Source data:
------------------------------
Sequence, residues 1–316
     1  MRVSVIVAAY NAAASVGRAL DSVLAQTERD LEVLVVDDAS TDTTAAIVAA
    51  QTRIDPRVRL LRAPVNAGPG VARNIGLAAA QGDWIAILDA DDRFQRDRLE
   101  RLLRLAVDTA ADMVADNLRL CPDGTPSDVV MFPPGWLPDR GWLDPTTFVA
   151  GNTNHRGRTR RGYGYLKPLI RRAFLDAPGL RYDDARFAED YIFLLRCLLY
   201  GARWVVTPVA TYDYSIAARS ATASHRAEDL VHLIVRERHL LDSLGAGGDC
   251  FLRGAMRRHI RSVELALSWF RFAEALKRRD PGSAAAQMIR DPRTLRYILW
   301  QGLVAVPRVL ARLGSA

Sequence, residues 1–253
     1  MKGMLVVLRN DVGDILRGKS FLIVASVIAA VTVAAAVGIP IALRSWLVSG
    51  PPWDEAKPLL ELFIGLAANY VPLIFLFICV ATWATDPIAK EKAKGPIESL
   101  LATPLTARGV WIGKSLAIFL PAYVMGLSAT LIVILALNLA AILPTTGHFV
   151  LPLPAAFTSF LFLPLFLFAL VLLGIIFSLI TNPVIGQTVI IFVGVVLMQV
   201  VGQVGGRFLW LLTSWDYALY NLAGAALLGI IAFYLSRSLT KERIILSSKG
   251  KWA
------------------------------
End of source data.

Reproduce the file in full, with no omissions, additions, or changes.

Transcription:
Sequence, residues 1–316
     1  MRVSVIVAAY NAAASVGRAL DSVLAQTERD LEVLVVDDAS TDTTAAIVAA
    51  QTRIDPRVRL LRAPVNAGPG VARNIGLAAA QGDWIAILDA DDRFQRDRLE
   101  RLLRLAVDTA ADMVADNLRL CPDGTPSDVV MFPPGWLPDR GWLDPTTFVA
   151  GNTNHRGRTR RGYGYLKPLI RRAFLDAPGL RYDDARFAED YIFLLRCLLY
   201  GARWVVTPVA TYDYSIAARS ATASHRAEDL VHLIVRERHL LDSLGAGGDC
   251  FLRGAMRRHI RSVELALSWF RFAEALKRRD PGSAAAQMIR DPRTLRYILW
   301  QGLVAVPRVL ARLGSA

Sequence, residues 1–253
     1  MKGMLVVLRN DVGDILRGKS FLIVASVIAA VTVAAAVGIP IALRSWLVSG
    51  PPWDEAKPLL ELFIGLAANY VPLIFLFICV ATWATDPIAK EKAKGPIESL
   101  LATPLTARGV WIGKSLAIFL PAYVMGLSAT LIVILALNLA AILPTTGHFV
   151  LPLPAAFTSF LFLPLFLFAL VLLGIIFSLI TNPVIGQTVI IFVGVVLMQV
   201  VGQVGGRFLW LLTSWDYALY NLAGAALLGI IAFYLSRSLT KERIILSSKG
   251  KWA